You can still bind agents to a specific user when the system:agents group is problematic. For this use case, create a user that matches the Common Name (CN) of the agent’s certificate.

NOTE: Sensu agents need to be able to create events in the agent’s namespace. To ensure that agents with incorrect CN fields can’t access the backend, remove the default system:agents group.

To view a certificate’s CN with openssl:

$ openssl x509 -in client.pem -text -noout
Certificate:
    Data:
        Version: 3 (0x2)
        Serial Number:
            37:57:7b:04:1d:67:63:7b:ff:ae:39:19:5b:55:57:80:41:3c:ec:ff
        Signature Algorithm: sha256WithRSAEncryption
        Issuer: CN = CA
        Validity
            Not Before: Sep 26 18:58:00 2019 GMT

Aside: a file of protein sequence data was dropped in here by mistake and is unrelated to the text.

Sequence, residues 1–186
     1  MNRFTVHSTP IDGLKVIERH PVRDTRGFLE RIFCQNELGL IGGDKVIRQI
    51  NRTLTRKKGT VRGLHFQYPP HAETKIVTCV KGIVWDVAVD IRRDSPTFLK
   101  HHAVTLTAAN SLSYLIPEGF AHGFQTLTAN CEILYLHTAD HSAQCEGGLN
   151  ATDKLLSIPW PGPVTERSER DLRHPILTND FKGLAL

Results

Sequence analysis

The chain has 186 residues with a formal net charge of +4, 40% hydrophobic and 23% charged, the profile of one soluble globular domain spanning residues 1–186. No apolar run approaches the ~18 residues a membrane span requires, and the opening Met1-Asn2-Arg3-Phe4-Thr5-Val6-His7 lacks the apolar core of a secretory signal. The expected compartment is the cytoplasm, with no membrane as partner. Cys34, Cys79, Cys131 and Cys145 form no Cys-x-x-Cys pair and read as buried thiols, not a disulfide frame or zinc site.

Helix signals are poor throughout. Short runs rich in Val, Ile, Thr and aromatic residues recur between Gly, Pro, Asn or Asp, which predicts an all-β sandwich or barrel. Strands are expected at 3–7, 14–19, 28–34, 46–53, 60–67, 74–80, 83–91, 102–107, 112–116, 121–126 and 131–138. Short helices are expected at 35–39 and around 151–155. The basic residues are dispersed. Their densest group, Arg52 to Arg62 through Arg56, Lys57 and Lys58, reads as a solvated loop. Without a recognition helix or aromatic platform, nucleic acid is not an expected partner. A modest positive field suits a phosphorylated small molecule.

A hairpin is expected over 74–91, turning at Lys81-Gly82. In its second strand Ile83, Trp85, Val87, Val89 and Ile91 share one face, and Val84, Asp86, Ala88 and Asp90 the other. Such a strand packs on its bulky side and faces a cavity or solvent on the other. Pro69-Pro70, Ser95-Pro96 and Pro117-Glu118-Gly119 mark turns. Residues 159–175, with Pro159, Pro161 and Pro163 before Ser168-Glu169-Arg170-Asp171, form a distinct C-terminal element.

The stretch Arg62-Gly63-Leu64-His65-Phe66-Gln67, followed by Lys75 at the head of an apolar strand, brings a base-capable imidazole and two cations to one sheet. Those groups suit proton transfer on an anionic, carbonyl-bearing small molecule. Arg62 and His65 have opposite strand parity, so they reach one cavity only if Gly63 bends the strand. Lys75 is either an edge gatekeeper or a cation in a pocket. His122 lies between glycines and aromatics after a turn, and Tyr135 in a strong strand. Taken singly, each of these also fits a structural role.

Not After : Sep 24 18:58:00 2024 GMT
        Subject: CN = client
...

The Subject: field indicates the certificate’s CN is client, so to bind the agent to a particular user in Sensu, create a user called client.

To enable agent TLS authentication, use existing certificates and keys for the Sensu backend and agent or create new certificates and keys according to the Create self-signed certificates section.

After you create backend and agent certificates, modfiy the backend and agent configuration:

##
# backend configuration
##
agent-auth-cert-file: "/path/to/backend-1.pem"
agent-auth-key-file: "/path/to/backend-1-key.pem"
agent-auth-trusted-ca-file: "/path/to/ca.pem"
##
# agent configuration
##
cert-file: "/path/to/agent-1.pem"
key-file: "/path/to/agent-1-key.pem"
trusted-ca-file: "/path/to/ca.pem"